Published on November 23rd, 2013 | by Philip Bates
The Night of the Doctor ReKapped!
The Sisterhood watch as a spaceship thunders from the dark sky and crashes with an explosion. No one could survive that. This has been foretold: “And here he is at last. The man to end it all,” Ohila, one of the Sisterhood and a Keeper of the Flame, announces. “My Sisters, the Doctor has returned to Karn. We have always known in our bones that one day he would return here. Such a pity he’s dead.”
THE SPACESHIP; MINUTES EARLIER.
Cass desperately needs help: the ship is crashing. But the in-flight computer thinks she’s injured and needs a Doctor.
“I’m a Doctor.”
She turns around to see a velvet trenchcoat-wearing man, untidy and weary, but ancient and clearly brilliant: the Eighth Doctor. “But probably not the one you’re expecting.”
Cass explains that the rest of the crew teleported off – but not her. Because she was the one who saved them all. Good news: the Doctor can save her too. They run to the back of the ship – “because the front crashes first. Think it through” – to see the TARDIS, big and blue and beautiful, and, as the Doctor explains, bigger on the inside!
It all clicks in Cass’ head: he’s a Time Lord. “I’m one of the nice ones,” the Doctor says, but Cass backs away and the bulkhead door snaps shut. Deadlocked. “I’m not part of the war,” the Doctor yells to her. “I swear to you, I never was.”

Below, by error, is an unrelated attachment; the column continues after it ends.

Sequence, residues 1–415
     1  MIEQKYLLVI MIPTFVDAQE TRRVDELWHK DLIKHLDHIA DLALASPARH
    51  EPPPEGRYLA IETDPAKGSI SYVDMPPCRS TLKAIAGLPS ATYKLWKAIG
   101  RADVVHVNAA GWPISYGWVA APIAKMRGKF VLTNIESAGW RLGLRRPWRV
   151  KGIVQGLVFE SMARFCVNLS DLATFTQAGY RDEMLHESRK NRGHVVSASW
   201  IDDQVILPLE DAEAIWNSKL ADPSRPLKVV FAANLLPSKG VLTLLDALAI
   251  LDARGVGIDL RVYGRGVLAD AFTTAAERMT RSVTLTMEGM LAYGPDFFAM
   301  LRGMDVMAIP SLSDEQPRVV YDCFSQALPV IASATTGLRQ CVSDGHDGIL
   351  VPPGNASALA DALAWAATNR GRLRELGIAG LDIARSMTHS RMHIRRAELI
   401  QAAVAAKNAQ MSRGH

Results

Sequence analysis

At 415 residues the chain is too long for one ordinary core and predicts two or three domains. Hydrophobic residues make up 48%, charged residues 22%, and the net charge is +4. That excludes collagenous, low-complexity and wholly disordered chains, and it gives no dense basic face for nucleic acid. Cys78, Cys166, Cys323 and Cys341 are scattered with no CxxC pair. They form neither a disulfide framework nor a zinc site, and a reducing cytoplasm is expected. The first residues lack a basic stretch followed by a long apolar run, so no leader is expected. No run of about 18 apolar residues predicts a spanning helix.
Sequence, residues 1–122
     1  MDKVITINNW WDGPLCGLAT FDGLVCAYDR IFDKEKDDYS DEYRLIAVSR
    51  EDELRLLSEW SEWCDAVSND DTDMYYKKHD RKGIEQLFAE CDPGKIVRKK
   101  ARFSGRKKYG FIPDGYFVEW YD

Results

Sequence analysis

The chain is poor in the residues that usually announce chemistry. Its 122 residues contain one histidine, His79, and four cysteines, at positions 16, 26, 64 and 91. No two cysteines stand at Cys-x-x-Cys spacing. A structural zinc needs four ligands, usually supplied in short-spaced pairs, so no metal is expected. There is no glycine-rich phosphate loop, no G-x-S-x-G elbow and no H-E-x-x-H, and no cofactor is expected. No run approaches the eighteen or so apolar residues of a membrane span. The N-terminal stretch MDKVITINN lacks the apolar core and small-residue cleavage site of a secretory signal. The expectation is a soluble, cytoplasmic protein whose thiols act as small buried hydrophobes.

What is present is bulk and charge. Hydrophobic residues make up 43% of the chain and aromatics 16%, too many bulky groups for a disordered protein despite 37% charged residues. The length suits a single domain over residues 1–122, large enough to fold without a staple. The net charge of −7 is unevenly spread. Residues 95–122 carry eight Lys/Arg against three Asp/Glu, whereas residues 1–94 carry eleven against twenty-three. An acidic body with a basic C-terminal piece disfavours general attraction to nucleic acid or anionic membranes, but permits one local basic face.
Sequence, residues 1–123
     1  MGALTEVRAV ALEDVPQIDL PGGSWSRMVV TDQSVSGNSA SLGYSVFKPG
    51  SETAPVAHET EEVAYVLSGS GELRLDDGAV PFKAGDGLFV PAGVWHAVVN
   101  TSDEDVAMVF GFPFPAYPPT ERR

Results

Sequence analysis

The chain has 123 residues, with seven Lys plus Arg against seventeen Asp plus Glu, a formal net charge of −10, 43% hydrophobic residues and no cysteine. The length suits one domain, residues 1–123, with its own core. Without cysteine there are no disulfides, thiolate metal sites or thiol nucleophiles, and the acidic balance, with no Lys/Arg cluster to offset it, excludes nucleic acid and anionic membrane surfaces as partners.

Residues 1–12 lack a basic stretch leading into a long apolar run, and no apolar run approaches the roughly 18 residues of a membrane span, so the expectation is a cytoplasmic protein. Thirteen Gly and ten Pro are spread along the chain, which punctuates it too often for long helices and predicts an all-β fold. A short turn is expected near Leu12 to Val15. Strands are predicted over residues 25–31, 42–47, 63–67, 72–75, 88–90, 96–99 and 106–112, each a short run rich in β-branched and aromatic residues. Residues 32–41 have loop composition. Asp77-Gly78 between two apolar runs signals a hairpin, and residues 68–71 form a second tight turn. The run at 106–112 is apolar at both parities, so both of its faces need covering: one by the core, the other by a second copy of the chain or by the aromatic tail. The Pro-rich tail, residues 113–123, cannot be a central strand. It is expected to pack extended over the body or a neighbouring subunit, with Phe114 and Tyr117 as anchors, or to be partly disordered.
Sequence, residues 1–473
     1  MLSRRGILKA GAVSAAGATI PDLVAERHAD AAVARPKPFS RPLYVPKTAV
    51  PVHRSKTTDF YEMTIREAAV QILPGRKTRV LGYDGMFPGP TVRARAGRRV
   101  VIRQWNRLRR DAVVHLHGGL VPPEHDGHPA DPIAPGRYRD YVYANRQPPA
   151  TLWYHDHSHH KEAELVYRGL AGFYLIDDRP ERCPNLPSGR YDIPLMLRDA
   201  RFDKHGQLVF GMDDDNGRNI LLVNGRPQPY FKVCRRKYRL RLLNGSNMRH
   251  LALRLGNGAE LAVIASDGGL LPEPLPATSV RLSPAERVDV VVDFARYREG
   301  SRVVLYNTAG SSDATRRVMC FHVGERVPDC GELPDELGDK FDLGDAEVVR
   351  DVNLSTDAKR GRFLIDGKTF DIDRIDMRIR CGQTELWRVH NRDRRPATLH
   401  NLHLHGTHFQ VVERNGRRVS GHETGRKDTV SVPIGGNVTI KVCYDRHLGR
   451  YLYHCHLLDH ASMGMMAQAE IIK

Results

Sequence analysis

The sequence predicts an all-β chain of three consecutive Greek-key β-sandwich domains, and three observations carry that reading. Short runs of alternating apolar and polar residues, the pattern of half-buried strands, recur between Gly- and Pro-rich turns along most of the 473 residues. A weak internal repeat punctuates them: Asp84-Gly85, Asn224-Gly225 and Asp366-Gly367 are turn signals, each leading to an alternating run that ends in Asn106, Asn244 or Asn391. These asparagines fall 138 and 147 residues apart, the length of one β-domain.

“Get away from me!”
“Well, look on the bright side,” he replies. “I’m not a Dalek.”
“Who can tell the difference anymore?”
And the ship plummets down towards Karn.
The Doctor wakes with a start, surrounded by the Sisterhood. Ohila explains, “We restored you to life, but it’s a temporary measure. You have a little under four minutes.”
“Four minutes? That’s ages,” he says. “What if I get bored, or need a television, couple of books? Anyone for chess? Bring me knitting!”
Ohila isn’t so glib as she tells the Doctor that he’s their only hope in the Time War. But the Doctor won’t take part in something so blood-soaked. “Because you are the good man, as you call yourself?” Ohila asks.
“I call myself the Doctor.”
“It’s the same thing in your mind.”
“I’d like to think so.”
He typically makes light of the situation until he sees Cass, a broken, dead woman, pulled from the wreckage. It’s not his fault, she wouldn’t listen, and yet –
The Sisterhood are the Keepers of the Flame of Eternal Life (And Utter Boredom), an elixir that can bring the Doctor back to life, force his regeneration. And the change doesn’t have to be random. Fat or thin; young or old; man or woman? “The universe stands on the brink. Will you let it fall?” Ohila begs. “Fast or strong, wise or angry. What do you need now?”
Suddenly, it’s obvious to him: he cannot ignore the Time War, cannot escape it. The universe doesn’t need a doctor, not right now. Right now, it needs a…
“Warrior. Make me a warrior now.”
She hands him a chalice, filled with a burning mixture. “Will it hurt?” he asks.
“Good… Charley, C’rizz, Lucie, Tamsin, Molly, friends, companions I’ve known – I salute you. And Cass, I apologise.”
He lifts the chalice to his lips: “Physician, heal thyself.”